China’s Great Firewall is cracking down on Pinterest, the social media platform popular for letting users share, or pin, items of interest to a virtual board.
For years, Pinterest has been freely accessible in China, most likely because its users typically don’t share content that would rattle Chinese censors. People mostly use the site to pin images and tips on home decor, hair styles, cooking, wedding planning and fashion.
The Pinterest block started earlier this month, according to watchdog group Greatfire.org, which monitors censorship and accessibility of websites in China.
The timing coincided with China’s annual National People’s Congress, a sensitive time in Beijing when China’s top leadership and thousands of delegates gather to set the country’s political and economic course for the year.
Pinterest did not respond to a request for comment outside of business hours. China’s Cyberspace Administration did not respond to a request for comment.
Pinterest’s ban fits a pattern of China blocking sites that compete with emerging local rivals.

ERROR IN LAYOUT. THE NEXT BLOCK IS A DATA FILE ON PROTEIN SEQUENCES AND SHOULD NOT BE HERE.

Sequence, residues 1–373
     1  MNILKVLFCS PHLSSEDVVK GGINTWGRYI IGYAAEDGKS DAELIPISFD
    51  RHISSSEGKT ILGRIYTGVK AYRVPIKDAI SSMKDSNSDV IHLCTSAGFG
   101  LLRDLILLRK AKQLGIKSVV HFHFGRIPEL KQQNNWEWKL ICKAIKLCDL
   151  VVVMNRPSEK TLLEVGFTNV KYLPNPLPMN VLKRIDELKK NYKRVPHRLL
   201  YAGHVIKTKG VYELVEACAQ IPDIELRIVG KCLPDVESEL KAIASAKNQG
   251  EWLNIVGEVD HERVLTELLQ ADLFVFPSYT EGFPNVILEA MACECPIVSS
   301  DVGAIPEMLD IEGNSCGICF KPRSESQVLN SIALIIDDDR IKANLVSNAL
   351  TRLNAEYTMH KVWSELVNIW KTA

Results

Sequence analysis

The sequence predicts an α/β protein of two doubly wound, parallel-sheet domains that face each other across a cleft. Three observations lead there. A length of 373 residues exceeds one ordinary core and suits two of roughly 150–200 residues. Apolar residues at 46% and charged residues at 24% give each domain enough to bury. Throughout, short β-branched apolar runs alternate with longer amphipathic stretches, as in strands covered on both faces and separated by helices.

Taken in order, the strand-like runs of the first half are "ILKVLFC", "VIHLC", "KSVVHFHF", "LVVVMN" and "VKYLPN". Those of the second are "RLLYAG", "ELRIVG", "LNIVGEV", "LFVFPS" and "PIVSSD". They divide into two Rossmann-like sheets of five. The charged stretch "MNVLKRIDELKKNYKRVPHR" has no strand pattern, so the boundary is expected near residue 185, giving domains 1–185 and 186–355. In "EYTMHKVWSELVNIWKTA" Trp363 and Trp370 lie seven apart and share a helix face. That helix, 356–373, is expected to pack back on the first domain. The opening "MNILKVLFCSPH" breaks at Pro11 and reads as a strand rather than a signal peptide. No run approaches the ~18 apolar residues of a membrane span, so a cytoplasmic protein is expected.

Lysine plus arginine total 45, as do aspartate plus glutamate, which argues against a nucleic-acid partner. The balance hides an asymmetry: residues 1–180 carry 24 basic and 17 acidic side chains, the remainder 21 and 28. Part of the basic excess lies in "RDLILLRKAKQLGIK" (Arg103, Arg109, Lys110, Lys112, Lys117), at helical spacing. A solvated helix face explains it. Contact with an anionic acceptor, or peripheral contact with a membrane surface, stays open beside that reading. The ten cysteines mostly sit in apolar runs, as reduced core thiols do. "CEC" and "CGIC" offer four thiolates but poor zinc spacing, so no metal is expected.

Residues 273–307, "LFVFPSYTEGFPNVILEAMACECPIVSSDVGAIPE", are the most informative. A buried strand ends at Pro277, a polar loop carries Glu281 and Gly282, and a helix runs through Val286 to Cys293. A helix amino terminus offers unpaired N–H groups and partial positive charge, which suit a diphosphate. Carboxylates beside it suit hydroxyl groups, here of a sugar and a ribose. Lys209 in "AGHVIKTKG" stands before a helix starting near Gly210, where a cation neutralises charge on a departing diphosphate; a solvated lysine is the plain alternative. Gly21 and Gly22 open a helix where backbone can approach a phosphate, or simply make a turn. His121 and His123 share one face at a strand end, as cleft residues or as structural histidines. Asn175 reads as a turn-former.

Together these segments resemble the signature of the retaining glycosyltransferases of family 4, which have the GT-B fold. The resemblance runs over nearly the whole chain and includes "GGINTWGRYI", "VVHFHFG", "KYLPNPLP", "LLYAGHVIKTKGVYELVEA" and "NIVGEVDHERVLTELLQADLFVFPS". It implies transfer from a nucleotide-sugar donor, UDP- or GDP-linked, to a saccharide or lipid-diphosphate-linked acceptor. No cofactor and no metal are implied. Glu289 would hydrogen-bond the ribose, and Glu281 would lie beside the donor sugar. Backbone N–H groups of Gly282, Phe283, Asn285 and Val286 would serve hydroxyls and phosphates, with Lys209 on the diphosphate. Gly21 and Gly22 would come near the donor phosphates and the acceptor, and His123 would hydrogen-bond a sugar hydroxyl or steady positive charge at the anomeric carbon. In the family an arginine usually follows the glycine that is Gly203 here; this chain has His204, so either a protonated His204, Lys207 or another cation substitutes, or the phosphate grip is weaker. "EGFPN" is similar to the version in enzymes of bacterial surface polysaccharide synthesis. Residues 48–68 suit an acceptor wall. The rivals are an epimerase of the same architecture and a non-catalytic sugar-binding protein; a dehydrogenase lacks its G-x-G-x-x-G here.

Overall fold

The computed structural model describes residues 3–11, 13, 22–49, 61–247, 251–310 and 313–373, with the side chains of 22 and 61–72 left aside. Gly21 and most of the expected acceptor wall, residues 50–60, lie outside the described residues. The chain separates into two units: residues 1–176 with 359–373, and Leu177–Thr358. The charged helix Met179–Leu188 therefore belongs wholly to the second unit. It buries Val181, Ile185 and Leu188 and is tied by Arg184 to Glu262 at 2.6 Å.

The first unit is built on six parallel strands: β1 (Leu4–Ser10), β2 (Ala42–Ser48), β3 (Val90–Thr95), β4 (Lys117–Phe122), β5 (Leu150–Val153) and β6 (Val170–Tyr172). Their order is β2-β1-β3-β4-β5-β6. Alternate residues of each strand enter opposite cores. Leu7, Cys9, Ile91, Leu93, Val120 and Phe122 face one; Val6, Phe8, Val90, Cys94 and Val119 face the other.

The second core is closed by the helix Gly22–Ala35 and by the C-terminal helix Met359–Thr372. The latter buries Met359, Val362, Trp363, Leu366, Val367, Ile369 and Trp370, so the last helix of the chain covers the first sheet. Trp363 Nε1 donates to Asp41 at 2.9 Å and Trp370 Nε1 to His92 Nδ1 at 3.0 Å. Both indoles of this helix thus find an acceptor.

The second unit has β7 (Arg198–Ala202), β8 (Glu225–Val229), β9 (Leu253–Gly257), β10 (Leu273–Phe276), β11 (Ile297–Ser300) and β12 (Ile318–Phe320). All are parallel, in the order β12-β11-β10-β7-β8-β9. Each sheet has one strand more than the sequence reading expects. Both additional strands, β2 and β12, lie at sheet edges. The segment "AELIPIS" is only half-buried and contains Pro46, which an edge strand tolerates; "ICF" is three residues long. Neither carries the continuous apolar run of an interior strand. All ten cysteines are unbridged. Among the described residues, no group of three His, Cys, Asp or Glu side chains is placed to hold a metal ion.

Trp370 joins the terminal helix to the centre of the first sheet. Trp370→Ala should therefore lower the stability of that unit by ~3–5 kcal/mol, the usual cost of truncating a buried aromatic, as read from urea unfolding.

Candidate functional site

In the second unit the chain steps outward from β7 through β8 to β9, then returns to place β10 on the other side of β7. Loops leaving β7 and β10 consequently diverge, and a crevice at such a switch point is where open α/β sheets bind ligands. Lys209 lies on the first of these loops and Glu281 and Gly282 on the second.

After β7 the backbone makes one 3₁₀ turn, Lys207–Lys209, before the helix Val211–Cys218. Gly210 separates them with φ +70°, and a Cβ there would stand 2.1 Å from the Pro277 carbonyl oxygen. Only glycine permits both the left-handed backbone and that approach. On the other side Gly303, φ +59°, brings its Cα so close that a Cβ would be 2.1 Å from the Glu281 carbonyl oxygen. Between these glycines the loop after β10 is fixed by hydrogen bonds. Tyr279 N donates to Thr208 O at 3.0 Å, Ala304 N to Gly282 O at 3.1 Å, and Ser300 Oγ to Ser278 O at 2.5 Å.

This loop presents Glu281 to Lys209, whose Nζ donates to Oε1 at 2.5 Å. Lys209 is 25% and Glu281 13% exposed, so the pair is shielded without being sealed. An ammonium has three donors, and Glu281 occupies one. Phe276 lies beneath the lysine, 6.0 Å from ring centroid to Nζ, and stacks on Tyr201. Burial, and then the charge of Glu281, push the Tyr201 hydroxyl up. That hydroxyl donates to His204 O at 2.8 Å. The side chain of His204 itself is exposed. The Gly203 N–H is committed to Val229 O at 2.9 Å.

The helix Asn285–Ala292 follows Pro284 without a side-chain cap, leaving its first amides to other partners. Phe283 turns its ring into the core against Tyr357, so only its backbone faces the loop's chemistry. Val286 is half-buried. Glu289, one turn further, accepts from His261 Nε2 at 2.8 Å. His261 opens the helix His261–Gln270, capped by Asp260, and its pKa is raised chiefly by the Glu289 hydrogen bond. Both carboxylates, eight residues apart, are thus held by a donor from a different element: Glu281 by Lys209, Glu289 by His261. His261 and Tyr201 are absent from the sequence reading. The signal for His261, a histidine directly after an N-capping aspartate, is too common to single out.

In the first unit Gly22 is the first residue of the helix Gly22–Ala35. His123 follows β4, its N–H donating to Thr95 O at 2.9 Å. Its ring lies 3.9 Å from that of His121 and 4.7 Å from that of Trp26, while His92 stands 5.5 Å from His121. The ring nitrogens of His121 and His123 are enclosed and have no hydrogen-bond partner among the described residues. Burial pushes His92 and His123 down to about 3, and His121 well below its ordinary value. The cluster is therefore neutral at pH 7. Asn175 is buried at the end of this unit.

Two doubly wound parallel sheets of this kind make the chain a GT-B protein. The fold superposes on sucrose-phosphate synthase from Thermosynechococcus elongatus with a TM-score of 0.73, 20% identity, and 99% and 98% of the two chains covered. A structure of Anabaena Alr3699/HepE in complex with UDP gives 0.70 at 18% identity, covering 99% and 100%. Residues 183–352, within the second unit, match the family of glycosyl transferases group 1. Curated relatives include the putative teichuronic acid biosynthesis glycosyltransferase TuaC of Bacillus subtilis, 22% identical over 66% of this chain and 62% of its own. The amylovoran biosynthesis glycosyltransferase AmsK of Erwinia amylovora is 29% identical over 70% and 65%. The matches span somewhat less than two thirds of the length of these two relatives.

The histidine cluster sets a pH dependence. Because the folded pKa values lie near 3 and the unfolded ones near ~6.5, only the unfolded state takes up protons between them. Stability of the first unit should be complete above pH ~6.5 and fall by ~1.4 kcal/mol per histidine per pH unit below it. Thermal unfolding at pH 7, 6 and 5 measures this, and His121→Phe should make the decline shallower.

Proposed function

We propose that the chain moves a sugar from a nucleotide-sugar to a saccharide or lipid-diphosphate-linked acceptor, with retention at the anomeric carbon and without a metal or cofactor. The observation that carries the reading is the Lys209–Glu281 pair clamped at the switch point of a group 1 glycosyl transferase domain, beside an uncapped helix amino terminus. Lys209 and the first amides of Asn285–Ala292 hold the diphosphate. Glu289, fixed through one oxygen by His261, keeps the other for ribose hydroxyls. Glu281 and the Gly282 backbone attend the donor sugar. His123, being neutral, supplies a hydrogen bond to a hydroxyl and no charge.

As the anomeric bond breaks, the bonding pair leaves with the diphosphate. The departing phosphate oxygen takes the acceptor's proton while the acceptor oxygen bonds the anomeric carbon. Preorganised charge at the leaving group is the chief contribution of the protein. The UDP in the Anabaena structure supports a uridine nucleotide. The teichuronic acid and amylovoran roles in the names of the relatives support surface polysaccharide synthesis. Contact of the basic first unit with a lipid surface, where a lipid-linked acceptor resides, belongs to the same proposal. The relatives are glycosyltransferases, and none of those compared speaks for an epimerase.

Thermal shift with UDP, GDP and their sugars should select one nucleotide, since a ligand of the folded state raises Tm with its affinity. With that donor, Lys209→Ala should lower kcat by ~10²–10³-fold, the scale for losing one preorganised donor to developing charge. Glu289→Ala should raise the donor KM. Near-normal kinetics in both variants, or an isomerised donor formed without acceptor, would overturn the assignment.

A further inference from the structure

China’s censorship has effectively “become a tool of industrial policy to discriminate against foreign competitors,” wrote Cho-Wen Chu, a professor at Taiwan’s Chinese Culture University, in a paper published in January.
A crackdown on Google, YouTube, Twitter and Facebook helped domestic companies such as Baidu, Youku, Weibo and Renren flourish.
The Western sites were widely used to share content China would deem highly sensitive, like the 1989 crackdown on Tiananmen Square protests, Tibet, or the Dalai Lama.
Protectionism rather than politics?
But Pinterest, Facebook’s Instagram, or even Snapchat, are not known for their political content.
“China’s ‘national security’ concerns may be only a convenient excuse to favor domestic dotcoms by impeding fair competition,” according to Chu.
Banning Western rivals gives Chinese tech companies, including Alibaba’s Pinterest rival Faxian, and Instagram imitator Meitu a huge advantage.
China has 731 million internet users, and 95% of them access the web on mobile devices, according to data from the China Internet Network Information Centre.
With that many mobile users tapping into apps and shopping on their smartphones, China is a lucrative market for any social media platform, a fact not lost on Pinterest President Tim Kendell.
Pinterest’s position as a “catalogue of ideas” rather than a social network gives the company a big push in areas of the world like China, Kendell said in an interview with Fox News last year.
Pinterest users “are not there to share things with their friends and family, they are not there to find out what their friends and family are doing. So it’s not this community planning tool,” he said.